“Although there are many themes,” Bock notes, “six issues within the scholarly conversation are most important” (p. 448–50):
1. Divine Direction, Salvation History, Continuity of Promise, and Mission
The predominant idea in Luke-Acts is that Jesus’ coming represents the inauguration and culmination of a program of promise God introduced to Israel through the covenants to Abraham, David, and the offer of a new covenant. This salvation history did not replace eschatology as Conzelmann claimed, but rather was the eschatology of divine promise outlined in the program of Scripture and event that was a part of the Hebrew tradition. Israel’s story was about promise, including the promise to include the nations in blessing. Jesus and the mission of the new community involved announcing the coming of the realization of that promise in Jesus’ coming and work. In a sense, Luke-Acts is a Missionsgeschichte (“history of mission”). It explains why the new faith and its new community exist and what drives it.
2. Israel’s Story Includes the Nations and Is Not Anti-Semitic
This theme makes the point that the conflict one sees in Luke-Acts is not a reflection of anti-Semitism, as J. T. Sanders claimed. Rather, it reflects the kind of in-house debate about legitimacy that one also sees the prophets engage Israel within the Hebrew Scripture. Israel’s story is the key concern of Luke from the infancy material, where the hymns are drenched in the language of Israel’s hope, to the final remarks of Paul in Acts 28, where he says that he is in chains for the hope of Israel. . . .
3. The Spirit as the Sign of the New Era
. . . Jesus’ bestowal of the Spirit is a sign of the arrival of the new age. The Spirit is not merely a spirit of prophecy but is an enabler, the arrival of divine power that also purges humanity and enables mission. The Spirit’s coming also is evidence that Jesus has been raised, vindicated, and shown to be the Messiah-Lord. The community’s reception of the Spirit means that Jesus sits at God’s right hand, sharing in the execution of the divine program.
4. Salvation and Identity Tied to Jesus’ Work
Luke spends little time explaining how Jesus saves. Death for sin is mentioned explicitly only twice in these two volumes (Luke 22:18–20; Acts 20:28). Rather, what Luke seeks to achieve is a sense of solidarity and identification with Jesus through what he has done, and Luke highlights Jesus’ unique position in the offer of salvation. Salvation is an act of God’s grace. It is obtained by seeking God’s mercy. It is not an entitlement that comes automatically because of effort or heritage. . . .
5. A New Era and Structure in a Trinitarian Story
Without using the word, these two volumes tell a trinitarian story. God is the main actor as he sends Jesus as his key representative agent. Jesus in turn gives the Spirit to energize his people and to rule the kingdom from within the hearts and souls of his people. All of this is the result of forgiveness and grace, rooted in divine promise. There is continuity in promise and hope, even as there is discontinuity in structure. . . .
6. Realized Promise in Prophecy and Pattern
All that has been done is what was promised in the Hebrew Scriptures. Events tied to Jesus have made these connections clearer, but they are a part of what God had always revealed he would do. The new community is really an old faith. Blessing has come to the world with Jew and Gentile in a reconciled community for which Jesus has cleared the way. In that community resides the Spirit, who not only sanctifies this newly organized social group, but who also calls them to a mission and life that represents God well. The calling is to live in a manner he always had designed people to reflect—to love God and one’s neighbor. Both the Messiah’s glory and suffering were outlined in the sacred texts of old, as was the hope that one day the promise to Abraham would result in blessing for the nations.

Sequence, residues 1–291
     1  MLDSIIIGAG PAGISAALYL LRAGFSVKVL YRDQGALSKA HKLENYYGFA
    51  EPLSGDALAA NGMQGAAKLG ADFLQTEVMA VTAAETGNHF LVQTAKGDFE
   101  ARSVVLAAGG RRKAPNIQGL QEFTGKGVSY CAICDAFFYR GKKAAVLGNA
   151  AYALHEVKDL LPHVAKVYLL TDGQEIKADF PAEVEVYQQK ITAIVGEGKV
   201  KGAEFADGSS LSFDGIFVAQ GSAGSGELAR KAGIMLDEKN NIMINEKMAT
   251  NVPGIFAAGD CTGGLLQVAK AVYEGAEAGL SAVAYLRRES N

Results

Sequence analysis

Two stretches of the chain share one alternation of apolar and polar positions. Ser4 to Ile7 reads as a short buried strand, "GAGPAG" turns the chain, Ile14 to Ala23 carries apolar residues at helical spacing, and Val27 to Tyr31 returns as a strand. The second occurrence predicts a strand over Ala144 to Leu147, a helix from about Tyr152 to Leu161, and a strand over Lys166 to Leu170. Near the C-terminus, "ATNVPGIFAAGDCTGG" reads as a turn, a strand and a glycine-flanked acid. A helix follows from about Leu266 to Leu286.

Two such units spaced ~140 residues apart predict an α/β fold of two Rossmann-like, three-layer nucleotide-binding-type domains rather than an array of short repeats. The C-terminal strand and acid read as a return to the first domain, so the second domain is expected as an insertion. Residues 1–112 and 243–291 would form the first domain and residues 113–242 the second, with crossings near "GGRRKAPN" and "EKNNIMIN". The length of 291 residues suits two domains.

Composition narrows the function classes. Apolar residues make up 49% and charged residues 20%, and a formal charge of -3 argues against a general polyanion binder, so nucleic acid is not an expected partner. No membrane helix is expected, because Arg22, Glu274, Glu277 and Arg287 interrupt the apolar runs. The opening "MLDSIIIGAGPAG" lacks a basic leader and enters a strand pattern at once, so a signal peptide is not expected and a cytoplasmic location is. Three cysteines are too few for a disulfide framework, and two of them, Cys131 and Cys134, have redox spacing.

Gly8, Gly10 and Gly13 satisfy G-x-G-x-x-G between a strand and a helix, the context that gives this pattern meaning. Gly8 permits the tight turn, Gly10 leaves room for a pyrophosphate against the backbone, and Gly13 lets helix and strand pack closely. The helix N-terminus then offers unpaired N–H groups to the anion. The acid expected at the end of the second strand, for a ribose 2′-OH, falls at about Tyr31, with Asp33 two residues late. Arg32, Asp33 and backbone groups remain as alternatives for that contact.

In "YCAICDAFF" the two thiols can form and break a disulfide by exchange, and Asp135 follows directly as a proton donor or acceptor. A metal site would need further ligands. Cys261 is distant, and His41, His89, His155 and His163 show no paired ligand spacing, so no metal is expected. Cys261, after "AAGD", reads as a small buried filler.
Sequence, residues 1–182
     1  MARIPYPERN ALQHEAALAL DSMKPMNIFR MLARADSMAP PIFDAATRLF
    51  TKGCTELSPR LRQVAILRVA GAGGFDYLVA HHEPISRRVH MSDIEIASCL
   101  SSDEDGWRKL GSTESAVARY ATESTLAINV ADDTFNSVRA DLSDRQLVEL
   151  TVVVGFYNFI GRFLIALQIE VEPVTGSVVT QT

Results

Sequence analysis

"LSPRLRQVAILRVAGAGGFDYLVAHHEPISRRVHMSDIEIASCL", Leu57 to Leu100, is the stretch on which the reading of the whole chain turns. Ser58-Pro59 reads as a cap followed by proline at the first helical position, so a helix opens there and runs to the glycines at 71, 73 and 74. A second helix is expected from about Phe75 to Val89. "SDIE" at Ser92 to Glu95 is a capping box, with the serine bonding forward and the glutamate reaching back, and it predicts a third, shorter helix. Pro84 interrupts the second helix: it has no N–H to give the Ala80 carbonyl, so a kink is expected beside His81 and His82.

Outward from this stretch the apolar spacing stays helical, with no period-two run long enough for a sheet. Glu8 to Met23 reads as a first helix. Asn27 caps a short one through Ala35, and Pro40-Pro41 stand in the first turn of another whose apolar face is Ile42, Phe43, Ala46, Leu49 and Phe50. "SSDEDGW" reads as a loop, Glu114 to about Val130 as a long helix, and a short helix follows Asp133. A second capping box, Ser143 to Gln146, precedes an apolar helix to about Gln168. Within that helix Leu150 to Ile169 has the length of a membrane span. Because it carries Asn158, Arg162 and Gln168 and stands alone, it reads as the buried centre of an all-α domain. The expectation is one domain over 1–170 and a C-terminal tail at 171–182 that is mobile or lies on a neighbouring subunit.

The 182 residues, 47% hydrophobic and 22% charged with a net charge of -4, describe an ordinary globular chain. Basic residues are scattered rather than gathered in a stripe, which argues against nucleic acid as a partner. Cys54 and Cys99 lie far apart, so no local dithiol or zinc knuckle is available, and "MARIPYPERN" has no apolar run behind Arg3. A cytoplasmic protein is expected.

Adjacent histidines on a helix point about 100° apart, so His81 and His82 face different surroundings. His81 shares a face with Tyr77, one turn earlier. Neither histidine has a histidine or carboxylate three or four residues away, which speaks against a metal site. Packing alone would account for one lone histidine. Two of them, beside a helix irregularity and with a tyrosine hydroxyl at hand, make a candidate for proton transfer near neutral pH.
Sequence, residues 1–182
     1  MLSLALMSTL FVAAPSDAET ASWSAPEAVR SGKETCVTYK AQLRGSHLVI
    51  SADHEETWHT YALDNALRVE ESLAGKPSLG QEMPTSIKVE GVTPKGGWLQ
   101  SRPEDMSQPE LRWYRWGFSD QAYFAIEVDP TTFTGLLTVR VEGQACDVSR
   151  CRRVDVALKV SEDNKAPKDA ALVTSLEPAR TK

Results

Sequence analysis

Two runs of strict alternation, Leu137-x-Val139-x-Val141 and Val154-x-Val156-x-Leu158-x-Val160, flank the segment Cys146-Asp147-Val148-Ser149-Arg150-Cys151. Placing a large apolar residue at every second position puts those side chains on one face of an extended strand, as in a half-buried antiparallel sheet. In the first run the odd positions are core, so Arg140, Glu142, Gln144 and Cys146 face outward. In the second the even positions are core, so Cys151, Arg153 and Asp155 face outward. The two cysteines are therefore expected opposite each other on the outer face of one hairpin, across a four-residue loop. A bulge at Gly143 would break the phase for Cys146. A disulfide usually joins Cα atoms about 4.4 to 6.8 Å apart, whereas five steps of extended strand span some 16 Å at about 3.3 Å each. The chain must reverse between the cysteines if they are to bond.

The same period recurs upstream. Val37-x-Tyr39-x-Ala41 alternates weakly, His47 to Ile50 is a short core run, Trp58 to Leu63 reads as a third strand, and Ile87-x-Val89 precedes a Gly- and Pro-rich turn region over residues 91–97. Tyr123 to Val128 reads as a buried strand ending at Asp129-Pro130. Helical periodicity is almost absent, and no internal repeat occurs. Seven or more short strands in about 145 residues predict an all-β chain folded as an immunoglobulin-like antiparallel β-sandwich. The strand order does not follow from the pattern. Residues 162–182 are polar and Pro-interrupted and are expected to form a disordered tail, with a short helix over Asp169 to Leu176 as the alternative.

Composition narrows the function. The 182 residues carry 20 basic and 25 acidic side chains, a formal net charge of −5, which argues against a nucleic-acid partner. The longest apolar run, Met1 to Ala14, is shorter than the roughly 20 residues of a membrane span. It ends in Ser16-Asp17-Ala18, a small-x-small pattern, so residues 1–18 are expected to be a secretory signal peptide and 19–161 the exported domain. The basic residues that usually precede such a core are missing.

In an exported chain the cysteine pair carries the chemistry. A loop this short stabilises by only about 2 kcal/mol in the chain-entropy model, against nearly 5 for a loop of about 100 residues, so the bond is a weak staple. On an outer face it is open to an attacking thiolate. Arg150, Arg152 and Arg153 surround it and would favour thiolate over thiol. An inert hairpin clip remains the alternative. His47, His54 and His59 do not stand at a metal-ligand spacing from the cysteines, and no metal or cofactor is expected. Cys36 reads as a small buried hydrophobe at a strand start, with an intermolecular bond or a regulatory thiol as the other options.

These are the core themes of Luke-Acts. There is much more than the few paragraphs indicate, but these are the most central points around which Luke builds his theology.
Some related works by Bock:
- Craig A. Blaising and Darrell L. Bock, eds. Dispensationalism, Israel and the Church: The Search for Definition. Grand Rapids: Zondervan, 1992.
- Craig A. Blaising and Darrell L. Bock. Progressive Dispensationalism. Grand Rapids: Baker, 1993.
- Darrell L. Bock. Luke. IVP New Testament Commentary 3. Downers Grove: IVP, 1994.
- Darrell L. Bock. Luke. NIV Application Commentary. Grand Rapids: Zondervan, 1996.
- Darrell L. Bock. “The Hermeneutics of Progressive Dispensationalism.” Pages 85–101 in Three Central Issues in Contemporary Dispensationalism: A Comparison of Traditional and Progressive Views. Edited by Herbert W. Bateman IV. Grand Rapids: Kregel, 1999.
- Darrell L. Bock. Jesus according to Scripture: Restoring the Portrait from the Gospels. Grand Rapids: Baker, 2002.
- Darrell L. Bock. Studying the Historical Jesus: A Guide to Sources and Methods. Grand Rapids: Baker, 2002.
Darrell L. Bock. “Single Meaning, Multiple Contexts and Referents: The New Testament’s Legitimate, Accurate, and Multifaceted Use of the Old.” Pages 105–51 (responses: 90–95, 226–31) in Three Views on the New Testament Use of the Old Testament. Edited by Kenneth Berding and Jonathan Lunde. Counterpoints. Grand Rapids: Zondervan, 2008.
- Darrell L. Bock.“The Historical Jesus: An Evangelical View.” Pages 249–81 in The Historical Jesus: Five Views. Edited by James K. Beilby and Paul R. Eddy. Downers Grove: IVP, 2009.